Conservation image
 

As part of the GCI's Modern Paints project, a number of case studies are being conducted on the materials used by important twentieth-century painters. One of these is focused on American Abstract Expressionist painter Clyfford Still (1904–1980) and is being conducted in collaboration with the ARTEX Conservation Laboratory, the Hirshhorn Museum and Sculpture Garden in Washington DC, and the Clyfford Still Estate.

The diversity of materials used in modern paints has important and direct implications for their conservation, since each type of paint is likely to display its own unique set of properties that will govern its responses to aging, environmental conditions, and conservation treatments. Although Still worked with relatively traditional paints, mainly oils, there has been much discussion and speculation over whether he hand-ground pigments directly into oil media or whether he used conventional tube paints. The large range of gloss often seen in his paintings (more readily achievable if he were able to control the amount of oil in his paints) and large drums of dry pigment found in his studio after his death both point to the likelihood that Still hand-ground his paints.

In January 2010, staff from the GCI and Hirshhorn Museum visited the ARTEX Conservation Laboratory to undertake a sampling campaign of ten important works representative of Still's oeuvre. The samples have been analyzed, and some important initial findings are emerging—perhaps most interestingly, the identification of castor oil, probably in combination with linseed oil, in a number of the paints. The exact interpretation of this is still unclear, but castor oil is known to have been a component in Bellini oils, a brand of tube oil color that was available in the United States during the period in which these works were created. The presence of castor oil might suggest that not all Still's paints were hand-ground, although it cannot be ruled out that Still might have added castor oil to his linseed oil prior to grinding in his pigment.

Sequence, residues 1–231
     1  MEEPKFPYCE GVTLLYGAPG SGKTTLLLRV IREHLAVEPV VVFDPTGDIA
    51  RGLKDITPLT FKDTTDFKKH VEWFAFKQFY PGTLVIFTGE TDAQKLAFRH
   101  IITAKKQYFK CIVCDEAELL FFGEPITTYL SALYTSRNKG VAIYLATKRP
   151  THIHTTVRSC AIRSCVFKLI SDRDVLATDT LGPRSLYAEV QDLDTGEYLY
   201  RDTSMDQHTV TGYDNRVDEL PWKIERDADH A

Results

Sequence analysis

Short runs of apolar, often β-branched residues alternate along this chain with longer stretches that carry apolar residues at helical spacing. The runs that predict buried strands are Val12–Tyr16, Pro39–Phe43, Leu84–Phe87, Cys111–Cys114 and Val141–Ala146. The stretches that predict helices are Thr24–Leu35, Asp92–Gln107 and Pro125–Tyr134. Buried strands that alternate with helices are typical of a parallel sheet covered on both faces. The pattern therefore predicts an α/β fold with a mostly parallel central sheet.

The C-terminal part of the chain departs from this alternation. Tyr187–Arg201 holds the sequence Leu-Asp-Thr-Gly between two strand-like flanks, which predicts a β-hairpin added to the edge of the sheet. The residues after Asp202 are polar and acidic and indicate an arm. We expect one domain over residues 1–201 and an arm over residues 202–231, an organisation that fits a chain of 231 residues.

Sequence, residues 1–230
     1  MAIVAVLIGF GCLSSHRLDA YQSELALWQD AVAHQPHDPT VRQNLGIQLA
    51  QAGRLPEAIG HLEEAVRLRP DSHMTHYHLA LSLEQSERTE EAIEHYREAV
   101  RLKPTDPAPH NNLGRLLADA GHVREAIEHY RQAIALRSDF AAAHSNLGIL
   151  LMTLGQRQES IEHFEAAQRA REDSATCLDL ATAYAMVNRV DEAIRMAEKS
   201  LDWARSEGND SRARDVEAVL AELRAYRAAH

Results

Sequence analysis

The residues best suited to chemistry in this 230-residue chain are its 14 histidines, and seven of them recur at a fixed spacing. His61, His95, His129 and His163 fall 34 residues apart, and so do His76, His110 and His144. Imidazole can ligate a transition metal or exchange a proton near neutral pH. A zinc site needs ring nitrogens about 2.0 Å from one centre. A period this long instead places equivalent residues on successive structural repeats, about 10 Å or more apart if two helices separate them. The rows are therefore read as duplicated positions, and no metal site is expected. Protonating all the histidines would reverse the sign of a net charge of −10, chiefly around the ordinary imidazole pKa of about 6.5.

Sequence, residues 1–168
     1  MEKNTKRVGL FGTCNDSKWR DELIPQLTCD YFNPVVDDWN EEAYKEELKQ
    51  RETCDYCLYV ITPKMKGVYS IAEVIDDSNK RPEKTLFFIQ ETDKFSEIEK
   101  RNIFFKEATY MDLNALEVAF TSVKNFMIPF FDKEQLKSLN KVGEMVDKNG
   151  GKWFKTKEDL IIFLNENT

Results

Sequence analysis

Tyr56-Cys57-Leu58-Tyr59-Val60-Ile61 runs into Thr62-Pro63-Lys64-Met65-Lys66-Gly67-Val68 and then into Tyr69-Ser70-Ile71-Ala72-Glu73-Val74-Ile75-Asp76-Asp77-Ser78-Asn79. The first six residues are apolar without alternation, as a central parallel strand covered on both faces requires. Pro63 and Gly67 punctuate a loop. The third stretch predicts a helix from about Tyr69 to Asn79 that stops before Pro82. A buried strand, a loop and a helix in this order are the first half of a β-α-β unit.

A second endeavor was the cataloguing and sampling of a range of forty dry pigments found in Still's studio, which point to the likelihood that Still mixed his own paints. A sample of each pigment has been submitted for further analysis and will be entered into the GCI's reference collection of artists' materials.

The results of this project will form the basis of a publication in the GCI's The Artist's Materials books series, and will be disseminated at the Clyfford Still Museum, scheduled to open in Denver in late 2011. Many of the paintings to be displayed in the museum have never before been exhibited.

The Modern Paints project is a central component of the GCI's Modern and Contemporary Art Research initiative, which takes a broad approach to the needs of this area of conservation with a range of scientific research projects, as well as with a number of conferences, events, and meetings that are intended to promote discussion of these issues and to help disseminate information.